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Thursday, March 27, 2014

The Write Stuff: Shannon Bowen on Taking Charge of Your Story

Posted By on Thu, Mar 27, 2014 at 8:00 AM

The Write Stuff is a series of interview profiles conducted by Litseen, where authors give exclusive readings from their work.

click to enlarge NATHANEAL TRIMBOLI
  • Nathaneal Trimboli

Shannon Bowen is a screenwriter inspired to write strong female characters who (shockingly) have loyal lady friends, because she has been lucky enough to be surrounded by badass women all of her life. You can watch the first two episodes of her web series Cost of Living (about struggling to afford a city that no one can afford) and join the Kickstarter to help film the remaining episodes. She is the co-author of two feature-length scripts, and she analyzes "Downton Abbey" from a funny, feminist, foul-mouthed perspective on her podcast Downton Gabby. Follow all of her crazy adventures on Twitter @LittleLadyBrain

When people ask what do you do, you tell them... ?

I write a fictionalized version of the truth. There are real stories from my life incorporated into each script that I write. Yes, I did accidentally throw away all of my clothes in a dumpster once.

What's your biggest struggle -- work or otherwise?

Balance. Time. Not freaking out about my horoscope.

If someone said I want to do what you do, what advice would you have for them?

Make writing a standing date in your calendar that you CANNOT CANCEL. It must become that friend you can't disappoint for fear of never hearing the end of it. Also, invest in whiskey -- you'll need it.

Do you consider yourself successful? Why?

More like on-the-road-to-successful. My first feature-length script, CHICK FLICK (a female buddy comedy co-written by Ellen Westberg), has been optioned by Dirty Monty Productions; I just finished my second feature-length script, Stolen (a heist film with a group of badass lady friends co-written by Brandi Sperry); and I just wrote a web series, Cost of Living, and directed the first two episodes, which debuted in March.

When you're sad/grumpy/pissed off, what YouTube video makes you feel better?

I'm not into cats-doing-silly-things videos, so I usually watch some episodes of The Mis-Adventures of Awkward Black Girl by Issa Rae. She brilliantly captures the awkward moments of every day life, especially the shit that happens at a dumb office job.

Do you have a favorite ancestor? What is his/her story?

My grandmother was a rodeo queen. I have this awesome picture of her age 22 riding a bucking horse with a lit cigar in her mouth. She was a total badass.

Who did you admire when you were 10 years old? What did you want to be?

So embarrassing, but I wanted to do musical theater. Unfortunately, I'm pretty tone deaf and can't sing, but still auditioned for musicals until college. Needless to say, I didn't cast much.

Would you ever perform a striptease? Describe some of your moves. Feel free to set the mood.

Since I teach ballroom dance, things get pretty elegant pretty fast.

How much money do you have in your checking account?

Never enough to buy all of the fancy cappuccinos that I desire.

What's wrong with society today?

(Steps on feminist soap box) The issue that I'm trying to solve through my writing is the lack of positive representations of women in media. TV and film shape our culture, and the images they are projecting of women (over-sexualized, a prize to be won by men, fighting with other women instead of being close friends, not in charge of their own story) are extremely damaging. Miss Representation is an incredible documentary that illustrates this issue. I write complex female characters who are the stars of their own dynamic stories to combat this toxic culture.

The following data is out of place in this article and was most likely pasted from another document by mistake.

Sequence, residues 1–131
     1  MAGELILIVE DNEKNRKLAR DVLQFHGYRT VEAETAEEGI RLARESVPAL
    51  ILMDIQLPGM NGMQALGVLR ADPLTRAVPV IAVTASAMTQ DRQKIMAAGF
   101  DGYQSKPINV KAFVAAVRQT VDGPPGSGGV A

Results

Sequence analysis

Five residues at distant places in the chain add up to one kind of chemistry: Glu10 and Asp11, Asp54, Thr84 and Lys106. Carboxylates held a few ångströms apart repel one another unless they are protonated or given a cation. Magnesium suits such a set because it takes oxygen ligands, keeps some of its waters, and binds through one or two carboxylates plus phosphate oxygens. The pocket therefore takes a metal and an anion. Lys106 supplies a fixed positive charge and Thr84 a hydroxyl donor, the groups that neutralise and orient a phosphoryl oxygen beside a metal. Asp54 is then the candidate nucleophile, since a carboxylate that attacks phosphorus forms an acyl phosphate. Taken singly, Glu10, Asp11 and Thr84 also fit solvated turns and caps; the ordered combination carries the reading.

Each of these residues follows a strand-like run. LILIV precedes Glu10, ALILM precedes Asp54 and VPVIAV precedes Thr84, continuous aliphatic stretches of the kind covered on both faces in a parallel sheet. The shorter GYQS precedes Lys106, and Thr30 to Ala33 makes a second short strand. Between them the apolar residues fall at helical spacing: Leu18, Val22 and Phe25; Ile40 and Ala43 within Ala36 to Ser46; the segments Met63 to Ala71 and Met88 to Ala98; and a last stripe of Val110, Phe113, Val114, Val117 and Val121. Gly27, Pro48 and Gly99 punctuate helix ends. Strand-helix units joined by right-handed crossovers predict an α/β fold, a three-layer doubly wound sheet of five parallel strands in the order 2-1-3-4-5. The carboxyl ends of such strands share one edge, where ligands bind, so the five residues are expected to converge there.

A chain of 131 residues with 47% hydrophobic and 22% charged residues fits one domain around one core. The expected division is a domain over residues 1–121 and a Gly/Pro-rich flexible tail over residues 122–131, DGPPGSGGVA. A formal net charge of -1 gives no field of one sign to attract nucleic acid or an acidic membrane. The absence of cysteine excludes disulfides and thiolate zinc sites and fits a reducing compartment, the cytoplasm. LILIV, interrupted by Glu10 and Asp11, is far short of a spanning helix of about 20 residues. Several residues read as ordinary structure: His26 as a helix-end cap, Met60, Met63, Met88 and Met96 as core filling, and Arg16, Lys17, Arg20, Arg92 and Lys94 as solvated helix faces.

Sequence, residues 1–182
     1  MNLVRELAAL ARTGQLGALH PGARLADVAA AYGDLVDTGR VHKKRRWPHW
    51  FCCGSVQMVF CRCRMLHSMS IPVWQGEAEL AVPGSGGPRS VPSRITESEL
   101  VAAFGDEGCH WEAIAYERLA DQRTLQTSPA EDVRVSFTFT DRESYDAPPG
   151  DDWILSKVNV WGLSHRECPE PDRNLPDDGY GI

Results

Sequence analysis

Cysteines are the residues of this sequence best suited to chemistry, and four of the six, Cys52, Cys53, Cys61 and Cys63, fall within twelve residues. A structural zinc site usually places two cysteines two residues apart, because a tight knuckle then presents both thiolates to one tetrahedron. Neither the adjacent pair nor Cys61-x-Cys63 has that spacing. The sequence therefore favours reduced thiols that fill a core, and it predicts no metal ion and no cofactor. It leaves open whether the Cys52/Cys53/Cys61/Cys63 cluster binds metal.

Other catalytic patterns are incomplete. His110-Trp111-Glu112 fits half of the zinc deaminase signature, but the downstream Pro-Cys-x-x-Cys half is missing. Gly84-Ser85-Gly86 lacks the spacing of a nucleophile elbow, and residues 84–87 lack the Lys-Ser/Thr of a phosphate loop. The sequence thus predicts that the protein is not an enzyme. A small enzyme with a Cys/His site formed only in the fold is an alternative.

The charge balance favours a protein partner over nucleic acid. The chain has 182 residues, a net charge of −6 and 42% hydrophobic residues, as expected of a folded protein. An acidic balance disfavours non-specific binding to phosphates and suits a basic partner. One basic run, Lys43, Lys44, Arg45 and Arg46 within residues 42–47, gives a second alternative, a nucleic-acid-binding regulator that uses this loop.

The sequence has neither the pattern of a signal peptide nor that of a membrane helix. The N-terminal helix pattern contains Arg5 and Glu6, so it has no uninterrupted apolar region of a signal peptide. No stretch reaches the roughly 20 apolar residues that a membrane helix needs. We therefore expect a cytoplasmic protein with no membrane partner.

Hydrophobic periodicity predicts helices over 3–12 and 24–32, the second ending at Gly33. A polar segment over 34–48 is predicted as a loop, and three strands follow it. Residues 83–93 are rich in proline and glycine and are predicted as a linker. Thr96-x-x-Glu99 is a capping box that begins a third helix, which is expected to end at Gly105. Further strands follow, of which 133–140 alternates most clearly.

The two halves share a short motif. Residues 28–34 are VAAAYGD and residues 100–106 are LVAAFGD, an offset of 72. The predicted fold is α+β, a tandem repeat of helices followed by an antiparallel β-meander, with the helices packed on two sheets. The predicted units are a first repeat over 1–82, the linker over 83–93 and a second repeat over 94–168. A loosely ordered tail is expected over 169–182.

Are you using any medications? If so, which ones?

Just whiskey.

What is your fondest memory?

I'm really nostalgic, so that one is tough. In terms of writing, Elly and I road tripping down to LA to option our script, CHICK FLICK, was pretty damn amazing.

What would you like to see happen in your lifetime?

Politicians stop attacking women's right to choose.

What is art? Is it necessary? Why?

Art helps us process the fucked up shit in this world. It shapes our culture and gives us a moral roadmap.

When you have sex, what are some of the things you like to do?

Read novels, make macaroni and cheese, and drink daiquiris.

What are you working on right now?

I'm finishing writing the comedy web series Cost of Living and am writing a TV pilot about the crazy people who work at non-profits in the vein of "Parks & Recreation." It's basically therapy for me after working in non-profits for eight years.

What kind of work would you like to do? Or: what kind of writing do you most admire?

I totally admire novelists. I have fallen in love with so many novels that have left a permanent imprint on my soul. At one point, I will hide away from the world and write a book.

If there were one thing about the Bay Area that you would change, what would it be?

I would slow down the impact that the sudden wealth of the tech industry is having on our beautiful, diverse cities. The rapid influx of massive wealth is pushing people out of their hometowns and homogenizing culture. I'm fascinated and horrified by this process. This is a huge theme in Cost of Living.

What's the strangest thing you've ever seen?

Jesus, where do I begin? One image that has always stuck with me is seeing a guy riding a bike with a plastic box strapped to the back with a huge parrot inside. Can't leave the house without your bird, bro.

For events in San Francisco this week and beyond, check out our calendar section. Follow us on Twitter at @ExhibitionistSF and like us on Facebook. This interview conducted by Sarah Ciston. Follow Litseen at @Litseen.

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Evan Karp


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